2012 Resolution #1: An App is Not A Strategy

Welcome to 2012 and Mobile Ministry Magazine (MMM). Since 2004, we’ve talked a lot about this intersection of faith and mobile technology and how this has often looked like applications. We’ve talked about the good and bad about these applications, what has improved, and what still isn’t being touched. And yet there’s there is a pervasive resolution that I think you should endear to any mobile ministry efforts for 2012: an application is not a strategy.

We’ll summarize how we come to such a conclusion in this article. Some of these concepts have been covered before, other parts not yet in enough depth to give you a means to continue. But don’t worry, as we encourage you to step into 2012 with your mobile ministry efforts, the goal of this article is that you address mobile ministry as a spoke in a larger wheel of your efforts, no matter where you are in the chain.

This article focuses specifically on these points:

  • What is Mobile Ministry?
  • What are the specific areas in which mobile has addressed a ministry context?
  • Is there anything consistently applicable across those areas of mobile ministry?
  • If applications are part of the solution, what else is there?
  • What are some resources for applying these points?

What is Mobile Ministry

Mobile ministry is the application of mobile devices, services, and/or experiences for the purposes of forwarding ideals and characteristics of a faith movement.

Mobile computing has a market-led definition (portable, cellular and/or WiFi-enabled computing devices which have screen sizes between 2.2 and 5in, and have some form of primary input that is not mediated by accessory-attached mice/keyboards). We take the stance that mobile computing devices can include any portable computer that is not designed specifically as a clothing accessory.

Mobile services include, but are not limited singular applications of cellular (voice, data, SMS, multimedia), Internet (browsing, email, IM, VoIP, Wi-Fi, GPS), and applications (including the tools to create and distribute, API structures/protocols, development standards/practices, etc.).

Ministry is defined as any activity which forwards the ideals and characteristics of a faith movement, that may be personally motivated, community organized, and/or governmentally implemented.

This definiton is intentionally not grounded on any one religion/faith, and has been [slightly] refined from its more academic-correct beginnings. Discussions towards refining this further should be a part of any conversations brokering mobile as useful in ministry contexts.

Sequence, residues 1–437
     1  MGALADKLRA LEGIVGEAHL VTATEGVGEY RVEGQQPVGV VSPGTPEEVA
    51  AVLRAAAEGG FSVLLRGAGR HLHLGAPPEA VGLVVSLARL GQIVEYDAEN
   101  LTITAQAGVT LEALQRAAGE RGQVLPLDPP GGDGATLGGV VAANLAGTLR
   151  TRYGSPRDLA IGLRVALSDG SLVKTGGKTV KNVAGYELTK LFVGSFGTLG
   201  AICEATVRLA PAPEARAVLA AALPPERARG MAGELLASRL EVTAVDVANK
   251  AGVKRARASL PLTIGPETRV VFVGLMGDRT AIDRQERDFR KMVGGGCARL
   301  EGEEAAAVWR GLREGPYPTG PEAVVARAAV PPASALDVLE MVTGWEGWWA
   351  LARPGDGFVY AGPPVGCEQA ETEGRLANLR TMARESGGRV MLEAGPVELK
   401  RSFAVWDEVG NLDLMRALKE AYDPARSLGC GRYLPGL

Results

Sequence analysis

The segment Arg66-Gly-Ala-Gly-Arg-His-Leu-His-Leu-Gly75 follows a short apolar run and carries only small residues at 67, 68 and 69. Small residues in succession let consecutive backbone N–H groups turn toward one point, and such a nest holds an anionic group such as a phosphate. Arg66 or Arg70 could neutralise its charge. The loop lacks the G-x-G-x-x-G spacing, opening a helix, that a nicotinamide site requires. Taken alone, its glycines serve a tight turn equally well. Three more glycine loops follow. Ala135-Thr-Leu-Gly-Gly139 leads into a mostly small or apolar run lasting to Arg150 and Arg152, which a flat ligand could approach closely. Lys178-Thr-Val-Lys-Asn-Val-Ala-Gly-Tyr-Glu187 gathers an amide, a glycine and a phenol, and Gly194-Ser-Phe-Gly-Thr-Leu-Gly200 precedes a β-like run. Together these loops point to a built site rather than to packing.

Specific Areas of Ministry Applied in Mobile
Over the course of seven years, MMM has observed six specific applications of mobile technology within ministry contexts. This doesn’t mean that there are not, or could not be others. Within these six areas, we have identified unique approaches combining devices, services, and/or experiences which create avenues for personal, media, and cultural transformation through faith-binding activities.

These six areas are as follows:

We will further define and illustrate these areas throughout 2012. Please refer to former articles and presentations on this subject in order to see some of the progression of these ideas. We will endeavor to link to articles tagged with these topics in order to best consolidate the discussion on this site towards these points.

Layers of Mobile
We are careful not to simply define mobile in the context of devices or development. There are three components which encompass the mobile environment which all need to be considered and included within the context that is mobile computing:

  • Devices
  • Services
  • Experiences

We will further define these areas beyond our initial exploration of these throughout 2012. Please refer this article/document for a direct linking to that discussion.

Applications and Beyond
It should be clear within what we’ve explained so far that defining mobile ministry strictly or specifically in the context of downloadable applications is incomplete. Applications are only a part of the usable toolkit for mobile within ministry endeavors. Streams in which mobile can be developed/sold/applied within ministry contexts include:

  • Software Applications
  • Hardware Applications
  • Voice Services
  • Video/Audio (Streaming, Downloads, Sharing, etc.)
  • Text (SMS, language transcription, etc.)
  • Downloadable/Streaming Media (APIs, content libraries, etc.)
  • Mixed Media (creation, distribution, specifications, etc.)
  • Security
  • Reporting
  • Personalization

We will further define these areas throughout 2012.

Resources for Moving Forward

Conclusions: An App is not a Strategy, But…
We will not debate the point that for many endeavors, the first door that mobile will open is that through an application store. However, the first door seen is not the only door available. Depending on what it is you are developing, offering, or enabling, an application might not be the best point of entry.

For 2012, consider your opportunities and challenges within ministry, and whether mobile is the best route. If it is, then you will want to start looking at where you sit in terms of those areas of mobile, and then whether you are targeting devices, building a service, or managing an experience. After that point, it becomes clear how you should approach mobile. It may very well be that you do need an application – but now it will have a specific target, you can begin planning and setting up your team and content appropriately. If it means you need to outsource the development of your mobile solution, you do so with knowledge of more than simply “make it work on this device.”

At the intersection of faith and mobile technology, what are you pointing towards? In 2010, don’t let your strategy (or lack of one) turn mobile into a dead-end for your effort.